Spiraea douglasii – Hardhack, Spirea

At a Glance:

  • Family: Rosaceae
  • Plant Type: deciduous, thicket-forming dense shrub
  • Distribution: Mostly Pacific Coast, California to Alaska
  • Habitat: wetlands and lake margins, light shade to full sun
  • Height: 2-7 feet tall
  • Flowers/Fruits: cone shaped cluster of pink-purple flowers. Dry brown seeds stay attached to stem through winter.
  • Flowering Season: June-August
  • Leaves: oblong/elliptical and 1-3 inches long. The lower half margin (edge) is smooth (entire) and the tip of the leaf is toothed. Color is green with a lighter green underside. The underside is also wooly/hairy.
  • Generation: Perennial
  • Notable feature: besides the cone shaped magenta blooms, this rose creates a very dense thicket. One of its common names is “hardhack” because it’s not an easy chore to hack through these plants to make a path.

Restoration and Conservation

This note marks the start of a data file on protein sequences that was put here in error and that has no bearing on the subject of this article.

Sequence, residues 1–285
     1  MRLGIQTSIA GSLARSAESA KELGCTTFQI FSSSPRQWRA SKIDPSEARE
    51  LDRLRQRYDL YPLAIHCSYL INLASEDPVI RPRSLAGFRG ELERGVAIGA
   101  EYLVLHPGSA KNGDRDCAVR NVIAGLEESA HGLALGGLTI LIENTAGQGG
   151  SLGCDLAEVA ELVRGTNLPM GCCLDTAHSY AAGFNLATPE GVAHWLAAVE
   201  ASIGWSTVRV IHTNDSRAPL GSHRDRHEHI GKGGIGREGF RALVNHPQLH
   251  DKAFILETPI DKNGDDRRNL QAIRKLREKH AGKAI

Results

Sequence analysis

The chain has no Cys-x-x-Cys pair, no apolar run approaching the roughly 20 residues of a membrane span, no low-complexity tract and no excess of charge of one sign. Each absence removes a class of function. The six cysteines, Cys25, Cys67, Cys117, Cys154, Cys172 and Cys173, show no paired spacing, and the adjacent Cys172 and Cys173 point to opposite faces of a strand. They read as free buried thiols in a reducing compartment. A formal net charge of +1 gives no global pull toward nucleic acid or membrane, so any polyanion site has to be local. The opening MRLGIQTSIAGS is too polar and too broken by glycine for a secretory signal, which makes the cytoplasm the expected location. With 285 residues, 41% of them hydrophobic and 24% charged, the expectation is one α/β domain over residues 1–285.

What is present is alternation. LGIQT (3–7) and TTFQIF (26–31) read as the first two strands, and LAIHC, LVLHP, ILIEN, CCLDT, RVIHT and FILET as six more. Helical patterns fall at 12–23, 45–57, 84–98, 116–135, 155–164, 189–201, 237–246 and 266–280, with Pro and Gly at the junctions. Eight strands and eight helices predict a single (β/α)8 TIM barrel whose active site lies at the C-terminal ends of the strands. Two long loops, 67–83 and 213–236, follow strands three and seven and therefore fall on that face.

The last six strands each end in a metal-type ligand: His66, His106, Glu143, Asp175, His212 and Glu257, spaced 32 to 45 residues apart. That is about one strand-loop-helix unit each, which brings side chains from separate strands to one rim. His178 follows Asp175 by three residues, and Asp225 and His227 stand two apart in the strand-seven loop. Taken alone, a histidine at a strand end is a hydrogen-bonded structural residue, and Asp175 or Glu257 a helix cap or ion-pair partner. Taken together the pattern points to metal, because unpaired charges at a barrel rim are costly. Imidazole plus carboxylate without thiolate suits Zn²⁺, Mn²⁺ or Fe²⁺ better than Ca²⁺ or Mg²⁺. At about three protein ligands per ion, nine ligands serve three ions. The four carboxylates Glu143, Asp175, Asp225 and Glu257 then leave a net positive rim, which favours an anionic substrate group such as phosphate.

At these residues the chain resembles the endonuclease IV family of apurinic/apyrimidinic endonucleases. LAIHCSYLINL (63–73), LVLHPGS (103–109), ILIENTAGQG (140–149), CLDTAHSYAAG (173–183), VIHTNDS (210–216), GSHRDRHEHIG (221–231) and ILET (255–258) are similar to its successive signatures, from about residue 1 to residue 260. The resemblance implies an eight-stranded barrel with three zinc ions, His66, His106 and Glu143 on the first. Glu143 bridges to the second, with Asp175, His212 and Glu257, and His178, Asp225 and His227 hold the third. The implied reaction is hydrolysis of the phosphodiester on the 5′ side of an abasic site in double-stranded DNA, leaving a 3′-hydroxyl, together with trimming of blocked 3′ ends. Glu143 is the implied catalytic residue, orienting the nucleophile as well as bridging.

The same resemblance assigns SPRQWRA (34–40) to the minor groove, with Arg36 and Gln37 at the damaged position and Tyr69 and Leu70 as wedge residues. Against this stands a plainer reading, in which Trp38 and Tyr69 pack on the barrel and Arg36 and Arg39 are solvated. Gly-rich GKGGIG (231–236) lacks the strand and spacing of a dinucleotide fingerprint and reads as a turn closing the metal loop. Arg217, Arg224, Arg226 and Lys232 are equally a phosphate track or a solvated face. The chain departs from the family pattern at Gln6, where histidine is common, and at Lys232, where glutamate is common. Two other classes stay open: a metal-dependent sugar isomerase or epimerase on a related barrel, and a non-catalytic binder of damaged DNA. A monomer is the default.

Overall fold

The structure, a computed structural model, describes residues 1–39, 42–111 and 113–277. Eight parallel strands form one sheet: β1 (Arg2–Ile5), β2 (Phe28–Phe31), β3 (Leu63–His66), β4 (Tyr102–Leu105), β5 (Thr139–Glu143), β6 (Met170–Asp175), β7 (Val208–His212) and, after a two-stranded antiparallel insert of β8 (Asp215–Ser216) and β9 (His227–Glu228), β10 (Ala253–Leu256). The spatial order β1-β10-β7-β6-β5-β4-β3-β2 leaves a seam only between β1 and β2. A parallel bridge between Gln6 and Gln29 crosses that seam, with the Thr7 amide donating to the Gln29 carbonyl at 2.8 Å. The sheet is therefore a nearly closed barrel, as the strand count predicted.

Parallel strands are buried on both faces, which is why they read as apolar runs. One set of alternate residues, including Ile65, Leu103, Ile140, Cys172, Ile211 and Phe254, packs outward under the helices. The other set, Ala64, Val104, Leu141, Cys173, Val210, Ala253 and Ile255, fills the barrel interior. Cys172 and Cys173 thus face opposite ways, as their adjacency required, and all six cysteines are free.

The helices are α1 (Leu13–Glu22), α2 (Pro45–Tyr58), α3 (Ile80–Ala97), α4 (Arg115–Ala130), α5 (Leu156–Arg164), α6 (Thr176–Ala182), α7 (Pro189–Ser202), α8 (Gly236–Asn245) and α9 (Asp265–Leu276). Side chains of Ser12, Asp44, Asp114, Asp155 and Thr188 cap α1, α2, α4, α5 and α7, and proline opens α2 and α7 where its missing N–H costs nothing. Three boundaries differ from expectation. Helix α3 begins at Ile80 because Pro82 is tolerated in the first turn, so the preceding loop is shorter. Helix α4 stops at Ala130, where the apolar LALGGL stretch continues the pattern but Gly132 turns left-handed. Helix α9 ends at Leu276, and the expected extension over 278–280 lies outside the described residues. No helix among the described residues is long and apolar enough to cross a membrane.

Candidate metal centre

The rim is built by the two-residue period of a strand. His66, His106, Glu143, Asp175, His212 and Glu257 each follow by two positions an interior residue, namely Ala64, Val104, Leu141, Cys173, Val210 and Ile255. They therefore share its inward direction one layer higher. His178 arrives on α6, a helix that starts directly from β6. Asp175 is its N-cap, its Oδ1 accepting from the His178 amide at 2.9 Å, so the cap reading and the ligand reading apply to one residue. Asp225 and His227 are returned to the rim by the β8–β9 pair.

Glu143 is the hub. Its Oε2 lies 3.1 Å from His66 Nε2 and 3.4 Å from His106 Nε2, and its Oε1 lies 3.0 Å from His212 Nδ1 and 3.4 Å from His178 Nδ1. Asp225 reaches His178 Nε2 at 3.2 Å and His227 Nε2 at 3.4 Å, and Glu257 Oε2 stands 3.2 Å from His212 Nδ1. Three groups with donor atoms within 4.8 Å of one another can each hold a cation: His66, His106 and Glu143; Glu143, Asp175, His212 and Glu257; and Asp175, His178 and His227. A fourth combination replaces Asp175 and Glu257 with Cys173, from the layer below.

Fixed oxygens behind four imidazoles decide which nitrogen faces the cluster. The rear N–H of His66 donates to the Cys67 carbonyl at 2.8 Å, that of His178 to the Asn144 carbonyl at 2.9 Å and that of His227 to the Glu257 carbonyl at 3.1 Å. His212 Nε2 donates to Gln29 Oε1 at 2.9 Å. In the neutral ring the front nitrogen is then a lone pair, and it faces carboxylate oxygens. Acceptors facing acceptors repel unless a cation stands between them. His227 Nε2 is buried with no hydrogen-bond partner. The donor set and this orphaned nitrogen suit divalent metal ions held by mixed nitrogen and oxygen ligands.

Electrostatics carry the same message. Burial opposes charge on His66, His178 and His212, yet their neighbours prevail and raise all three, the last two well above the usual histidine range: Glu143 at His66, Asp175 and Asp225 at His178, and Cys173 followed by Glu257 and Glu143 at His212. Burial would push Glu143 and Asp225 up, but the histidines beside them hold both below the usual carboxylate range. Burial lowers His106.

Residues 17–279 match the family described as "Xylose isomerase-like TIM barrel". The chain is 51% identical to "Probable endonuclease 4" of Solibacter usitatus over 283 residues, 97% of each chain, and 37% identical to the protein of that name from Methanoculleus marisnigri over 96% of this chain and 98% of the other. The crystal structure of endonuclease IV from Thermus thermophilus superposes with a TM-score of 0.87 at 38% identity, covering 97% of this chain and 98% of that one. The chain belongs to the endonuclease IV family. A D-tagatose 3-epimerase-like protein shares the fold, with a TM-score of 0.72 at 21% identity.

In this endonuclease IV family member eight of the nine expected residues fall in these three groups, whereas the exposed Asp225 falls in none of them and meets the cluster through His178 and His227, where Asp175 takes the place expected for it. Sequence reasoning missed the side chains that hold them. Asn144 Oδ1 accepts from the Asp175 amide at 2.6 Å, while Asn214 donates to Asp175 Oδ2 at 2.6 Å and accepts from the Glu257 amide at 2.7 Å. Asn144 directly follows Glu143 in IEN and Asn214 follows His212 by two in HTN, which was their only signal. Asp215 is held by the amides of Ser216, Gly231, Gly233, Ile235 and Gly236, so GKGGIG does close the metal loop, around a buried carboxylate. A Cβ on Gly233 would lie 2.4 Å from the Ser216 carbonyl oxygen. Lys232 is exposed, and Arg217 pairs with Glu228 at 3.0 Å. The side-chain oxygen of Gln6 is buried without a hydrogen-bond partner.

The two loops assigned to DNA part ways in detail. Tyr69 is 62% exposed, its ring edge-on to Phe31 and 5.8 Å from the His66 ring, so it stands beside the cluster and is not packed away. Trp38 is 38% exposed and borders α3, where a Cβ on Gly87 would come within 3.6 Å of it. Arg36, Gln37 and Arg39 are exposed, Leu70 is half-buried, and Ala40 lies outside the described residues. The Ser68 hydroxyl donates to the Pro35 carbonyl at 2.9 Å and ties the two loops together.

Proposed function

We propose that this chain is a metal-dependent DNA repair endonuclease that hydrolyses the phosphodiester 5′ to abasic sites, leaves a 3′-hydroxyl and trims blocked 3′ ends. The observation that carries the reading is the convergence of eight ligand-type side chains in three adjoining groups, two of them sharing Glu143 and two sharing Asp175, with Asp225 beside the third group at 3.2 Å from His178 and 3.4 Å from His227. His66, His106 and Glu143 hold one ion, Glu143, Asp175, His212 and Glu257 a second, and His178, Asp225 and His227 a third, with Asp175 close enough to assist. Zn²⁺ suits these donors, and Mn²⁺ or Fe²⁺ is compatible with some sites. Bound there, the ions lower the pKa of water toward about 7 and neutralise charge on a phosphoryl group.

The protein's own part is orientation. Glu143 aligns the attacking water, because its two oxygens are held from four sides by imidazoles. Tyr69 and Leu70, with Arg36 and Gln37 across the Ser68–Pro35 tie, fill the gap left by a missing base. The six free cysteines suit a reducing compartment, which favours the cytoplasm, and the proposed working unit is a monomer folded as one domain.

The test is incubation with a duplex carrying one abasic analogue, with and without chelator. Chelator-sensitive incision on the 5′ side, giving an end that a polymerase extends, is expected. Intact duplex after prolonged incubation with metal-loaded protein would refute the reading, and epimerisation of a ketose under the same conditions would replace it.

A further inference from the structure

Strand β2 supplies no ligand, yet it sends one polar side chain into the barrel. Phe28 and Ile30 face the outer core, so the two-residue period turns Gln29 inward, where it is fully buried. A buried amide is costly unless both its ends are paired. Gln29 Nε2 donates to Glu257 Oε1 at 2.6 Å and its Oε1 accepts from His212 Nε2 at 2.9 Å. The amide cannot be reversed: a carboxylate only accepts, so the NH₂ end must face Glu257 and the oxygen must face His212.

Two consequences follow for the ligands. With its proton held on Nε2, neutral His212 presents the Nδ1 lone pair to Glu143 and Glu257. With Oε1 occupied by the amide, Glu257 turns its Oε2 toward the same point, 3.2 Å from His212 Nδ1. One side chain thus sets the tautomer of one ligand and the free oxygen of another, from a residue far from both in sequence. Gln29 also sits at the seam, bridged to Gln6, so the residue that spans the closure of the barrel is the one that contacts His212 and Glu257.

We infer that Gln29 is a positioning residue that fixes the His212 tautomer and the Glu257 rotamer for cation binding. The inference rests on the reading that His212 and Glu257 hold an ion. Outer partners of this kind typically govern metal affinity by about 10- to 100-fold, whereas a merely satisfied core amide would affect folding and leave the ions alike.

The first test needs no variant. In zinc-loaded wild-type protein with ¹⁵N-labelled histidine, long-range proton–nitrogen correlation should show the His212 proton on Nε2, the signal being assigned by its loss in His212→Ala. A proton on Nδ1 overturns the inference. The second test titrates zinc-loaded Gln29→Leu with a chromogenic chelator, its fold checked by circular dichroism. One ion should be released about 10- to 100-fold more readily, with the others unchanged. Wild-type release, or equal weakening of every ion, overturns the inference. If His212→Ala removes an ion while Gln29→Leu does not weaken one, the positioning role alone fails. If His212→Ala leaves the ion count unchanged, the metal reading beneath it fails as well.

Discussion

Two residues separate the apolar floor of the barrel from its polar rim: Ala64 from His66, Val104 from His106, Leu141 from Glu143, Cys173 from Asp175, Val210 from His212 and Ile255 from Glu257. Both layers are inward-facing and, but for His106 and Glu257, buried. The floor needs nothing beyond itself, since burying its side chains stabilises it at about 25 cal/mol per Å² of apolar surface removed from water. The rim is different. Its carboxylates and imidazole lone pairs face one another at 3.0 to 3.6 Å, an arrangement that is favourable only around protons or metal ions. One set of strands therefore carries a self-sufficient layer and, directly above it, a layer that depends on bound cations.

Spirea is a vigorous native plant prized in restoration applications. It grows and spreads very quickly and competes well against reed canarygrass and Himalayan blackberry. Once established, it can slow water flow down and stabilize soil, preventing erosion and creating habitat for animals. Hummingbirds and pollinators use the nectar that the flowers produce. Small birds use the thickets for shelter and nesting, and eat the seeds that stay on the stems throughout winter.

References and Resources

This article was written by Sarah Verlinde. For questions regarding the UWB/CC Plant Tour, contact Sarah at severlin@uw.edu.